JUNE 6, 1957
NEW YORK—I went to the reading of a play Monday night. These readings give a young playwright an opportunity to see his or her play read or acted and criticized so that any changes can be made.
The New Dramatists Committee, under whose sponsorship this is done, is a workshop supported by funds in memory of Elinor Morgenthau, whose life-long interest in the theatre made her husband and children feel that this type of thing would give her pleasure.
The play we heard and saw, produced without scenery and by people who were reading their parts, was called "Taffy" and dealt with a rather sordid side of rural life in the South. In parts, it had the quality of a Greek tragedy. You felt inevitably that you were marching toward a tragic end that could not be averted.
The third act did not seem to me to be conclusive or to finish as it should, but nevertheless this young writer, Anne Barlo, has great talent, I think. I hope she will be successful, for we need good plays, and I always remember that John Golden said that to support the theatre, good plays were the first necessity.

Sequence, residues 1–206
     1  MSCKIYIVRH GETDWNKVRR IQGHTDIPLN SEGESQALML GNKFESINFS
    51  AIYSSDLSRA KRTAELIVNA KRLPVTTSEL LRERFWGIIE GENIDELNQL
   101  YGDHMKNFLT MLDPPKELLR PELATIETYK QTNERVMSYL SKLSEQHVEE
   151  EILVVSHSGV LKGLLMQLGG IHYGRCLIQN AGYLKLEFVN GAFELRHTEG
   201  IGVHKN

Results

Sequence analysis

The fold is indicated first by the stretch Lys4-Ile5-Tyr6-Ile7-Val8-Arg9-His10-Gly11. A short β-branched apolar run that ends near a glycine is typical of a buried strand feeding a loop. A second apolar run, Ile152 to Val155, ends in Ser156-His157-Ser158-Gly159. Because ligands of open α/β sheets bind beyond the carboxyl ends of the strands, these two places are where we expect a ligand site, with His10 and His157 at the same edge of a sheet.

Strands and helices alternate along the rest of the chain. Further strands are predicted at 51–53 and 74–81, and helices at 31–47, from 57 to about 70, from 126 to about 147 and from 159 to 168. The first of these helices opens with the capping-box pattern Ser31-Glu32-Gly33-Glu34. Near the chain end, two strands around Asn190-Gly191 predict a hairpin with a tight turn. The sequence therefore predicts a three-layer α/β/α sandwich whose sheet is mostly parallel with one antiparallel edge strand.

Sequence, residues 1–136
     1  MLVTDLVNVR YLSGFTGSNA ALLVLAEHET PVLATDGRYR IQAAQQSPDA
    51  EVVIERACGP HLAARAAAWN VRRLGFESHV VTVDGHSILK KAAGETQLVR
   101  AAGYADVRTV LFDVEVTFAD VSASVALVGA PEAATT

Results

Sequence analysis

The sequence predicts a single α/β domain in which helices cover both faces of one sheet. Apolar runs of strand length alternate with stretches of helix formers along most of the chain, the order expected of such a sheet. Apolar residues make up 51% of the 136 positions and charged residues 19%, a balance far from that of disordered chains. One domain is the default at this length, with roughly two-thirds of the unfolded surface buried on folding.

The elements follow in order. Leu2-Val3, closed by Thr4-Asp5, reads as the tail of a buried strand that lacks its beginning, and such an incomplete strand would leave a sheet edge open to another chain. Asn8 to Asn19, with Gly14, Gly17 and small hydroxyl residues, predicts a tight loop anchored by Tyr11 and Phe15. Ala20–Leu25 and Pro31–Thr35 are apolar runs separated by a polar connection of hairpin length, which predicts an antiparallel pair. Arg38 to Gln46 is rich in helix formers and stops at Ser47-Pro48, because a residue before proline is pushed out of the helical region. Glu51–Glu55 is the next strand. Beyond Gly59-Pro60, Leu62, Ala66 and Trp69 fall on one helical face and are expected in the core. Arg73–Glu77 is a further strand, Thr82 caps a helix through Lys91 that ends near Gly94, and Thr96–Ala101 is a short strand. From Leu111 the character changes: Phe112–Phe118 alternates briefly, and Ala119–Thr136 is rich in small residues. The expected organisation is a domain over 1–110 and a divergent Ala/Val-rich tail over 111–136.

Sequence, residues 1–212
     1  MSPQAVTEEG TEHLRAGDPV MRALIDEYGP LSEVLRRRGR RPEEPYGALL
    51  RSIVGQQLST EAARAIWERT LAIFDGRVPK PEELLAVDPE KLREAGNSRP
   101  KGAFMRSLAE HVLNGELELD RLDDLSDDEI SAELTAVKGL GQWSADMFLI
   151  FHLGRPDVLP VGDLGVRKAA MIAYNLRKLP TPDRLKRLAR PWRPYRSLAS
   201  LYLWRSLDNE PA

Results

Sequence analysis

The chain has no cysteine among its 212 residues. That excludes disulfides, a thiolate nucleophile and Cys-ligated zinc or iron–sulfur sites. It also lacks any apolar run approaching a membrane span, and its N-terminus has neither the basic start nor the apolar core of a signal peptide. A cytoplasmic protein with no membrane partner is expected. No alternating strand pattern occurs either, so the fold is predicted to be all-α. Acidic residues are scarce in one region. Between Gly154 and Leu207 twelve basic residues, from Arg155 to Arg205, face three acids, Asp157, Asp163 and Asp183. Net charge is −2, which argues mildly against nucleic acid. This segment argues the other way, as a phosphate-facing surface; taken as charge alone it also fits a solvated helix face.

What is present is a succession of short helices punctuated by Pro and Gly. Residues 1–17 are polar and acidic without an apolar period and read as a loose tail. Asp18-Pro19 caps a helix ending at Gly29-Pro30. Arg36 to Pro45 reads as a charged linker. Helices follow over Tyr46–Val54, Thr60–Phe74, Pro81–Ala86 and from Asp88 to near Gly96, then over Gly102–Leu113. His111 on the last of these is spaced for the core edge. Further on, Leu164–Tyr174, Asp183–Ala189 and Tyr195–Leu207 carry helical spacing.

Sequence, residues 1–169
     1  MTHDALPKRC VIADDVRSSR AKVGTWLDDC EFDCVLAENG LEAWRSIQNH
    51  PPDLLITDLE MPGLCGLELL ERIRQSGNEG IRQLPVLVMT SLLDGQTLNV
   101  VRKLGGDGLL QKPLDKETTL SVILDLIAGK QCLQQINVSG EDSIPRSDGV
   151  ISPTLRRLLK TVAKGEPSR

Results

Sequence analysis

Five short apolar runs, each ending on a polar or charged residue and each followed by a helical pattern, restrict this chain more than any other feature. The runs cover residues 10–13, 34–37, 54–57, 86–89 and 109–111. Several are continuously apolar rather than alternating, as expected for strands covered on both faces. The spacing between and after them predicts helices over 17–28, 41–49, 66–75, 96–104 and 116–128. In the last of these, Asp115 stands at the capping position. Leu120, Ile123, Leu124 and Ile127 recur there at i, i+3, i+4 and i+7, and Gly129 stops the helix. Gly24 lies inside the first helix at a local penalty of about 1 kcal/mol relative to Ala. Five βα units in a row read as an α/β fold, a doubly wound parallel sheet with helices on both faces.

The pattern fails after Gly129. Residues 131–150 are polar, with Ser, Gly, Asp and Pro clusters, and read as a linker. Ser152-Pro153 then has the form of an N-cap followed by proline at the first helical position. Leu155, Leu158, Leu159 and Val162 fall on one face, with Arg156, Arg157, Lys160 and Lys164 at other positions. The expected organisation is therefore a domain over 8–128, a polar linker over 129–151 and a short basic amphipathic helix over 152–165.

I was called for by C.R. Smith early Tuesday and we went up together to West Point, N.Y., for the United States Military Academy graduation exercises. What a beautiful drive it is on the west side of the Hudson! We enjoyed it all and came back over the new Tarrytown bridge, finding it very quick going. In fact, the return trip took us only about an hour and ten minutes.
I saw many old friends at West Point and was glad to see the two boys, whom I have been seeing through the past few years, become lieutenants. They are Lieutenants A.N. Bone and Jack McDaniel and I also met Lieutenant Murphy, who is to go with them on their 60-day leave, during which they plan practically to cover the world.
One boy received great applause as he was given his diploma, and it was explained to us that there had been a family tragedy in which his close family had been wiped out in a motor car accident on their way to see him graduate. He had gone to the funeral and returned to receive his diploma. The boys had only their applause by which to express their sympathy and they did it resoundingly.
Of course, the last man to be graduated also received great applause, partly because it was the end of the ceremony and partly because they knew how glad he was that he squeezed through!
Major General and Mrs. Garrison H. Davidson, the superintendent and his wife, were more than kind, and I felt again how beautiful the setting is for the Army Academy. General Maxwell D. Taylor, Army Chief of Staff, gave what I thought was a most practical and useful address, covering the necessary points very well for the young graduates.